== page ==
U.S. President Barack Obama speaks during a news conference in the East Room of the White House in Washington, DC, on June 29, 2011. UPI/Roger L. Wollenberg | License Photo
WASHINGTON, June 29 (UPI) -- President Obama issued a warning to Congress about the debt and deficit talks: Reach agreement soon or be prepared to stay in Washington until a deal is struck.
If substantial progress hasn't been made in talks to reduce the deficit and debt and on raising the debt ceiling by Aug. 2, "we're going to have to start canceling things and stay here," Obama said during a 67-minute news conference Wednesday. Vice President Joe Biden has led the bipartisan talks, although Eric Cantor, the majority leader of the Republican-led House, left the table.
"You know, they're in one week, they're out one week, and then they're saying, 'Obama's got to step in,'" the president said. "You need to be here. I've been here."
To claims the debt ceiling must be raised by Aug. 2 is a scare tactic, Obama said, Aug. 2 is the date "we run out of tools to make sure bills are paid."
Consequences of the United States defaulting on its loans would be "significant and unpredictable," leading to potential hikes in interest rates and stymie job growth.
Bills must be paid, he said, and the United States can't opt to pay one over the other.
"For the United States government to start picking and choosing … is not going to inspire a lot of confidence," Obama said. "Which obligations are we going to say we don't have to pay?"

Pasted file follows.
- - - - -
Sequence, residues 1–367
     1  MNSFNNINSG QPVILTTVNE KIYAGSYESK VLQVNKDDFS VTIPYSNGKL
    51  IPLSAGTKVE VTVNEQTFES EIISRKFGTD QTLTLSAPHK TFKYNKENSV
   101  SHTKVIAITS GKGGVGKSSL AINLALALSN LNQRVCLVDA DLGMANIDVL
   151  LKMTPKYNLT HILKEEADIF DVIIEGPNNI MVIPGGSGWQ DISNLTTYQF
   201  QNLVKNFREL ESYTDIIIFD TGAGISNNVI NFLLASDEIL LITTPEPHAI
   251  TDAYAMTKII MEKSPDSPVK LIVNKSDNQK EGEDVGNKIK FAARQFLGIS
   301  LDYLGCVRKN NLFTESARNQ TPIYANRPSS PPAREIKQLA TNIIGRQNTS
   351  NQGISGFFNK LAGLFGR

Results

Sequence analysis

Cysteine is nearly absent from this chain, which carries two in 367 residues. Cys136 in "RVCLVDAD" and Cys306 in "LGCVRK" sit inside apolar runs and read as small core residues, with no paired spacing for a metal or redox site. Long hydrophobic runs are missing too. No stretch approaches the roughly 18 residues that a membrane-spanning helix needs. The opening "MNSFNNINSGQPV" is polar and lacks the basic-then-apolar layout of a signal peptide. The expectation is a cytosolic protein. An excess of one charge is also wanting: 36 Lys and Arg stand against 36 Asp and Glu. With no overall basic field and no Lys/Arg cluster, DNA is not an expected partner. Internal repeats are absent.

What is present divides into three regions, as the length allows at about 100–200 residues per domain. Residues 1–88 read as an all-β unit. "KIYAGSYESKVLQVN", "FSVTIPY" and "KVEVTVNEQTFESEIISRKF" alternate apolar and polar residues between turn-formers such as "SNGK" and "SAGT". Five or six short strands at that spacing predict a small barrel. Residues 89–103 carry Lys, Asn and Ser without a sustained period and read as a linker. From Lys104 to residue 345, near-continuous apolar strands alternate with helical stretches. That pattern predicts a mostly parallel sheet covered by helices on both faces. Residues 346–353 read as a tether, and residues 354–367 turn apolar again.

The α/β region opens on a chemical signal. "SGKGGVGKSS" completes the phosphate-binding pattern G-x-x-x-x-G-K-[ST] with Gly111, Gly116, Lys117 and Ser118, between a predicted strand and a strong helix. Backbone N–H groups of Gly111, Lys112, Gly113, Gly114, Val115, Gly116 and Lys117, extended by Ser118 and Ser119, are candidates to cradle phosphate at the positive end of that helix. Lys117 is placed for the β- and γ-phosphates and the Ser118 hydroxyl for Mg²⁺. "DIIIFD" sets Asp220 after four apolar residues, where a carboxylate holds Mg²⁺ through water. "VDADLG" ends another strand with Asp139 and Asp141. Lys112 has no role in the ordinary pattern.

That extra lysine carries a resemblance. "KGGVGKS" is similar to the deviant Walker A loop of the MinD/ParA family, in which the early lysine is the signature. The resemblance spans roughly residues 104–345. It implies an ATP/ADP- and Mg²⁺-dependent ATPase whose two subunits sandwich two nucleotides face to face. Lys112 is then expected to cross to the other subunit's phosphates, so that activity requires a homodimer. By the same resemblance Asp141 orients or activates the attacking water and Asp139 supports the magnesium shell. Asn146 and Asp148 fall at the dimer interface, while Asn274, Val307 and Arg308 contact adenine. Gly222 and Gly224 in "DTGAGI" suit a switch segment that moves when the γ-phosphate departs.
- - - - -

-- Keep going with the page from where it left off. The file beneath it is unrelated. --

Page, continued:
No one wants to see the United States default, Obama said, expressing confidence an agreement can be reached. But, he said, any agreement must be balanced and not rely on cutting spending alone.
Noting that some of the ideas his administration developed to reduce spending won't please his party's base, Obama said congressional Republicans also must bite the bullet with their constituents.
Before asking seniors to pay more for their healthcare or reduce the number of scholarships available for college-bound students or lay off food inspectors, "I think it's only fair to ask an oil company or jet owner to give up tax breaks that no other business enjoys. I don't think that's so radical."
Obama vented frustration at congressional Republicans, saying: "If everybody else is willing to take on their sacred cows to achieve goal of real deficit reduction, I think it would be hard for Republicans to say the tax break for corporate jet [owners] is sufficiently important that we're not willing to come to the table to get a deal done. … I don't think that's a sustainable position."
When all is said and done, though, Obama said he believes an agreement will be reached before the Aug. 2 drop-dead date.
"Hopefully [congressional] leaders at a certain point will rise to the occasion and do what's best for the American people," Obama said. "Call me naive, but that's what I believe."